If you were worried about camera shake, switch on the VR mode for those shots

So try those shots again, providing you get a sunny day as before turn dial to A set to f16/f22 and compare to previous images
You should notice a big difference
Happy shooting
BigCam

Sorry dont agree at all.

Saying to stop down to f22 is really bad advice IMHO. A good rule of thumb for a non tested lens(one that you have not found its sweetspot etc) are sharpest around f8-f11 so its counter intuative to move away from this.

Also to go at f22 in shot DSC_0072 would (to gain the same exposure) require a shutter of 1/30 Sod that! ok you can go up the ISO so a trade off can be obtained, but you have not said that!

This obsession that to get everydetail in focus when shooting landscape you must stop the lens all the waydown is well, erm, there are two between my legs!

Yes of course you can use (and I do) f16 as a starting point, but PLEASE read about hyperfocal lengh.
Its not as hard as you think, and will change your mind in a flash on how to shoot landscape! it will I promise :smashin:

Plus it is indeed often why that compact did ok! It will be on f2.8 (equiv)
YES that mountain will be the same focal plane at f2.8 as it would be at f22!

Bottom line the wider the lens the shorter the hyperfocal lengh is. If you focus at that distance, EVERYTHING infront and behind it WILL be at IN focus :D

I am way off being a good landscape photog, (would love to be) that said a few helpfull and polite posts above mine have indicated the real issue with some of your photos and thats the same problem we all have (or at least I do)
I think! hang on. I know what I am talking about. I have some of the best god dam equipment ever (canon of course) so lets go take a photo of, well everything and it will be awesome I tell you!

Nope! It bugs the poop out of me, but its that fact, that pushes me on and on to improve, and I do, and YOU will!

Again though, it does not happen, for most overnight.

Like David Baily said. "We all have at least one epic photo in us. He was just lucky enough to have two!" Ok I should of used an Ansel quote, but I like the DB one :)



Now get back out and shoot some more :)
 
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mucca_D

Well-known Member
Also looking through your shots again! many realy just need a little edit to bring them out!

I hope you dont mind. I picked one and did a super fast AUTO tone, crop and then ligtened back up the forground with a lighting brush (default Lightroom one)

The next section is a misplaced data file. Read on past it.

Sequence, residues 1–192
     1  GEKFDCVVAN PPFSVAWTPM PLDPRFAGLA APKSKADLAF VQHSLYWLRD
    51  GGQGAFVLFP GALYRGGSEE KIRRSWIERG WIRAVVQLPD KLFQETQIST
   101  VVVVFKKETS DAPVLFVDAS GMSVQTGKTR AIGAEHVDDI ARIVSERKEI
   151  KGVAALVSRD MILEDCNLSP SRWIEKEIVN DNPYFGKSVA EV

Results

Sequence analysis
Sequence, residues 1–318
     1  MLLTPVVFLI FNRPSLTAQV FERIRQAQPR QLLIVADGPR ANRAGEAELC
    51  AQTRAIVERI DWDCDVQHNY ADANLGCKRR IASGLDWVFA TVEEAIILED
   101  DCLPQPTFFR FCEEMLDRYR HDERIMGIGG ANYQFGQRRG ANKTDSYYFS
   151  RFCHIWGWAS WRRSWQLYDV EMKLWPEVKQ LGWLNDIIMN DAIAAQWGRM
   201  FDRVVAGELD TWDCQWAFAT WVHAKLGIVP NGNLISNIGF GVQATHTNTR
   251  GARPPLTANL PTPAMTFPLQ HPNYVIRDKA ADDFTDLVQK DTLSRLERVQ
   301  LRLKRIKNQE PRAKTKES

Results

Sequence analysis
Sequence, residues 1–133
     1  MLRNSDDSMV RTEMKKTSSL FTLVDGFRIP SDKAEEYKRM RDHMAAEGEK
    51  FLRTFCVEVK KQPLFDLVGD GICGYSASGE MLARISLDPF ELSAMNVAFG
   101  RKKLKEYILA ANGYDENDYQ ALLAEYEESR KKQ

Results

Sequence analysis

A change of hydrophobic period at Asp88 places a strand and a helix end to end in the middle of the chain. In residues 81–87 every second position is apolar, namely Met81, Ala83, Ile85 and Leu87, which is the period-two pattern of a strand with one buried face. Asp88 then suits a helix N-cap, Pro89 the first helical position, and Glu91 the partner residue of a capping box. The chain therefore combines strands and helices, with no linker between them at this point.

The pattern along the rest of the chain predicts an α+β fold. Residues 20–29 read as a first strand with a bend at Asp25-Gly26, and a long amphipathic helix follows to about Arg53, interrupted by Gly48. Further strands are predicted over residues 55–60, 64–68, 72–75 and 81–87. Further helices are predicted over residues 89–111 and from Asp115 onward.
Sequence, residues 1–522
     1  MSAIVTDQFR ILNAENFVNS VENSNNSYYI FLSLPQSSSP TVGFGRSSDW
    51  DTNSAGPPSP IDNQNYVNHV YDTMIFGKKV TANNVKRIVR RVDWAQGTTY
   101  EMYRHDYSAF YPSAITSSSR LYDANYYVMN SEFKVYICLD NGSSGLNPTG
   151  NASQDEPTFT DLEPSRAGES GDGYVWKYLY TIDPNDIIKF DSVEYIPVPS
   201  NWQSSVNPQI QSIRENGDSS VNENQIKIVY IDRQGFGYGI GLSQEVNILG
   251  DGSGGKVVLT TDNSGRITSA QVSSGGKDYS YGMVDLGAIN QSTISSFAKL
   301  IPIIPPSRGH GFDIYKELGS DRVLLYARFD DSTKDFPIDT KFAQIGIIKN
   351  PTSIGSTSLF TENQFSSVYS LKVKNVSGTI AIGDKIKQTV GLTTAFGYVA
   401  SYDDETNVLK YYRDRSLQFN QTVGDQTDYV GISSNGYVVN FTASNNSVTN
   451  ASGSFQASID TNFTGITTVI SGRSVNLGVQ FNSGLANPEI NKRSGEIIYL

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Magnusrn

Active Member
polarizer would bring out the blue in the sky and decrease the haze on the far away mountains. Could try playing about with your picture profiles if you're not into post processing.
 

Magnusrn

Active Member
beforeandafterh.jpg


That's showing what you can do with jpegs alone, I've never really taken landscapes so don't really know if I overdid it or what, but if you shoot raw you can basically adjust everything without it having an effect on anything else.

May have overdone it slightly, but you get the idea.
 

tapzilla2k

Distinguished Member
I too don't use UV filters on my lenses, I don't like the idea that it might have even the slightest detrimental affect on quality.

I'd rather loss a slight loss in quality over dropping the lens and smashing a front element and possibly losing the lens. Filters are cheaper to replace.
Each to their own.

As for CPL's I use one on my 17-40mm to cut down on CA and swap to UV when required.
 

DolbyDan

Well-known Member
I actually like your photos I also disagree with stopping down past F8-F11 diffraction will cause more softness just remember to focus in the correct areas. Stick to the rule of thirds, the ones you mess up a bit try cropping them abit. Try the Sunny 16 rule, experiment with a polarizer and my best advise, shoot RAW and use Lightroom 4 (graduated filter tool is great for blue skies).

Keep snapping, good start!
 

DolbyDan

Well-known Member
563342_2954178352704_2063929885_n.jpg


271023d1319667671-elephants-waterhole-s1220232.jpg


Just two bad examples how LR can give photos abit of punch